Trusting the government

In the northeast section of Hyde Park in London, England, is a place known as the Speakers’ Corner. The park was established by Henry VIII in 1536 when he took the land from Westminster Abbey and used it as a hunting ground. It opened to the public in 1637.

A “Speakers’ Corner” is an area where open-air public speaking, debate, and discussion are allowed, and this one in Hyde Park is the most famous. In 1855, riots broke out in this area as protestors gathered in opposition to the “Sunday Trading Bill,” which forbade buying and selling on a Sunday, the only day off for working people.

Yet, there have always been limits to free speech. Police arrested individuals at the Hyde Park’s Speakers’ Corner for profanity. We are told that all free speech must be limited to certain spaces and “hate speech” is not acceptable. The problem is that “hate speech” can be talking in public about ideas that someone else “hates.” The definition of “speech” has become very fluid as has the definition of the word “free.”

We are told that “one man’s terrorist is another man’s freedom fighter.” But the lines are extremely blurred. Currently, protestors in Hong Kong are apparently fighting for democracy and self determination. Currently, protestors in Barcelona are fighting for democracy and Catalan’s self determination. Strangely—or maybe not so strange—is that in the view of several Western governments, Hongkongers are “freedom fighters” and Catalonians are “terrorists.”

I wrote a couple of weeks ago that there is a rising phenomenon of protests around the world that is increasing in intensity. Some dismissed this as nonsense, along the lines that there have always been protests. Not exactly. Last week, Chile erupted in riots of such power that their subway system may take years to reopen. It is the most modern in South America and runs for 140 kilometers. More than 40 of its 136 stations were virtually destroyed. And all this was over an increase in fares this year of about three US cents. Chile has a gross domestic product per capita of $15,000. By comparison, the Philippine GDP per capita is $3,000.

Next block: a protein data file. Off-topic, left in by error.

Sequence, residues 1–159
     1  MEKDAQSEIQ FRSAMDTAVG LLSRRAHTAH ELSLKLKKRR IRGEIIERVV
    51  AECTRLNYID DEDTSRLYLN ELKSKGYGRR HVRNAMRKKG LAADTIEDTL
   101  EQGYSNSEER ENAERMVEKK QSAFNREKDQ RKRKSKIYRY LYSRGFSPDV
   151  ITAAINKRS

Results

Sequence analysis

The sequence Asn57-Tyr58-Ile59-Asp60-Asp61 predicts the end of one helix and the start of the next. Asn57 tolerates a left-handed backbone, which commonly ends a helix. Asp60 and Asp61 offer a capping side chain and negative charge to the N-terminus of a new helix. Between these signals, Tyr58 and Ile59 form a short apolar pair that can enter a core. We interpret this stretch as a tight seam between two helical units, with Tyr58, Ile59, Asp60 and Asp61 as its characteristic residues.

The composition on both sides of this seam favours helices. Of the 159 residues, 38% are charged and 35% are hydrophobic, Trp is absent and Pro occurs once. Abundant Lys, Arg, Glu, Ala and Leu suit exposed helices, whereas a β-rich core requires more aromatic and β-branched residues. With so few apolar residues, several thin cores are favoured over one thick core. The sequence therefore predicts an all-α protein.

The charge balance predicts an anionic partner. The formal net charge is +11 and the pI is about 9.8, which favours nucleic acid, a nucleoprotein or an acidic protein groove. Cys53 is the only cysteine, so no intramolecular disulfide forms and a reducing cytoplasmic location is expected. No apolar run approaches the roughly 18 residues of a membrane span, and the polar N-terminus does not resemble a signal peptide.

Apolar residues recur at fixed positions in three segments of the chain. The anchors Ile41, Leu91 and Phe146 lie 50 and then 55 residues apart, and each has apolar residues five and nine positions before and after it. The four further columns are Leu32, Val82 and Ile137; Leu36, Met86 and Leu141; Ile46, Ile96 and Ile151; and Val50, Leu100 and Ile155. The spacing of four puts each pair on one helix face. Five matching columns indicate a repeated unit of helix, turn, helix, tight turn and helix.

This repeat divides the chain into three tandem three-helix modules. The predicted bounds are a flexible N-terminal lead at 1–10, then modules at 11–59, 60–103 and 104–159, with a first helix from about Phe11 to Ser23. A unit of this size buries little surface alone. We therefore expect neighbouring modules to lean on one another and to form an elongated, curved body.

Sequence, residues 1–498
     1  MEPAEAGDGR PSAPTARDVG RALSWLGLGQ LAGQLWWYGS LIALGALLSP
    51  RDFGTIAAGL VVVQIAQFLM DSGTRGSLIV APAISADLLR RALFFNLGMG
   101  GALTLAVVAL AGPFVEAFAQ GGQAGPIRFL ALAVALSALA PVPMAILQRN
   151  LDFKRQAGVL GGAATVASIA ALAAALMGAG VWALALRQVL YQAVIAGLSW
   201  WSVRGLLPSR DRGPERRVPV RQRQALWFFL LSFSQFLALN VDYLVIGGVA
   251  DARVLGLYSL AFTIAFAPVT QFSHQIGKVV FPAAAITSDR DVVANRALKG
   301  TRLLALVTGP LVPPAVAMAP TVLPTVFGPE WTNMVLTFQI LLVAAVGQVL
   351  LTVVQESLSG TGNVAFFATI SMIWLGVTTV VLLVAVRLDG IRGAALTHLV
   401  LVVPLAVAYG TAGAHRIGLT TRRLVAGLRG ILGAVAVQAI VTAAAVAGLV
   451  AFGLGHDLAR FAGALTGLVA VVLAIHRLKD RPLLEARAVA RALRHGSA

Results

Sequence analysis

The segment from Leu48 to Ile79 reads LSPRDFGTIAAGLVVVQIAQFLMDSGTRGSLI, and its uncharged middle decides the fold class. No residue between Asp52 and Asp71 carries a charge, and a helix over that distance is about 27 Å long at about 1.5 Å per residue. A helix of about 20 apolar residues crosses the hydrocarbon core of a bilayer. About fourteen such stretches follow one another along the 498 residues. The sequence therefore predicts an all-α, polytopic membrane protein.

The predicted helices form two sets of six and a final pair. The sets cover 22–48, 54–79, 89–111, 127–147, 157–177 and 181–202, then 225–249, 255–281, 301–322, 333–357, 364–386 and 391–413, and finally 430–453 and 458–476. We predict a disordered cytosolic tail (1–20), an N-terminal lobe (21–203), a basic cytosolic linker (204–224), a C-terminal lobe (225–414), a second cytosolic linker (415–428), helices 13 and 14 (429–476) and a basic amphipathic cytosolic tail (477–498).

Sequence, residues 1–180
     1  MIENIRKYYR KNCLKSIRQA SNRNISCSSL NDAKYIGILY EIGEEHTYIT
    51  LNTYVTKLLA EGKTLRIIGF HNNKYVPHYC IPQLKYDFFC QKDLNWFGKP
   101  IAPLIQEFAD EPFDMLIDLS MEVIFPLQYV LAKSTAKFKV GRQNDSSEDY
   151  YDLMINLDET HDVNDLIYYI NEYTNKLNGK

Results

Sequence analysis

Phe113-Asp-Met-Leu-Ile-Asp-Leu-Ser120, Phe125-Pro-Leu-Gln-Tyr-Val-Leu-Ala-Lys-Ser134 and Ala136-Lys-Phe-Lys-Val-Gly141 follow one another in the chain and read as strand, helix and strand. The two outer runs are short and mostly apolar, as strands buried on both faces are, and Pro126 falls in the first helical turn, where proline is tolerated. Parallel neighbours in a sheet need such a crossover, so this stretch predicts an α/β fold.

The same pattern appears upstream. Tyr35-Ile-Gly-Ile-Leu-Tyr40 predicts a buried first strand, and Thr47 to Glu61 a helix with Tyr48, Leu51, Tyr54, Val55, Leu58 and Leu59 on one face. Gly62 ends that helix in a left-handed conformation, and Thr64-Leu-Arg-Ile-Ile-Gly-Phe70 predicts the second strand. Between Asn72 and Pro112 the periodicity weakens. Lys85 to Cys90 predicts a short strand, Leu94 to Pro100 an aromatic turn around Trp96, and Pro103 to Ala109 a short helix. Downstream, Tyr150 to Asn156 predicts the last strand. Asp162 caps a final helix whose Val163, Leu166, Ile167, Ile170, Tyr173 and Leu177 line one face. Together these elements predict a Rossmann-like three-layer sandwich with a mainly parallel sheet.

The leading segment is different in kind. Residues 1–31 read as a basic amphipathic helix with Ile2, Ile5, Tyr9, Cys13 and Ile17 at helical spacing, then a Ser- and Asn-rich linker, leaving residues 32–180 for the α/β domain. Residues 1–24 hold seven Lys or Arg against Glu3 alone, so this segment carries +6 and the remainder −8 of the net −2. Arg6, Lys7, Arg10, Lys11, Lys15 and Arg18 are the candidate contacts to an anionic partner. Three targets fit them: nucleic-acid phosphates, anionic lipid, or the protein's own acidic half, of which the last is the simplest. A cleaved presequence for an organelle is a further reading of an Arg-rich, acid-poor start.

The pundits and other experts categorize this as part of a “populist” movement, “referring to a range of political stances that emphasize the idea of “the people” rather than the elite.” Underlying that idea is that soon “the people” will come to their senses and admit the errors of their ways. You hear that from local commentators who are very unhappy with the Hong Kong protestors and how they are ruining their local economy.

It is much more than this idea that liberal and left-wing politicians/groups like to push about “rich versus poor.” And it is much more dangerous than economic class warfare.

We are witnessing a near-global situation of a breakdown of trust in government. Forget about the nonsense “approval” ratings. I do not expect or even want my family to “approve” of my decisions. But I need them to trust that I am making what I firmly believe are the best decisions for everyone.

You may not approve of the Duterte administration. But when 85 percent have “Big Trust” and only 4 percent have “Small/No Trust,” that is a positive for the nation. And, interestingly enough, China, India, and the Philippines have the highest trust in government. The United Kingdom, the US, France and Spain all come in at 30+ percent.


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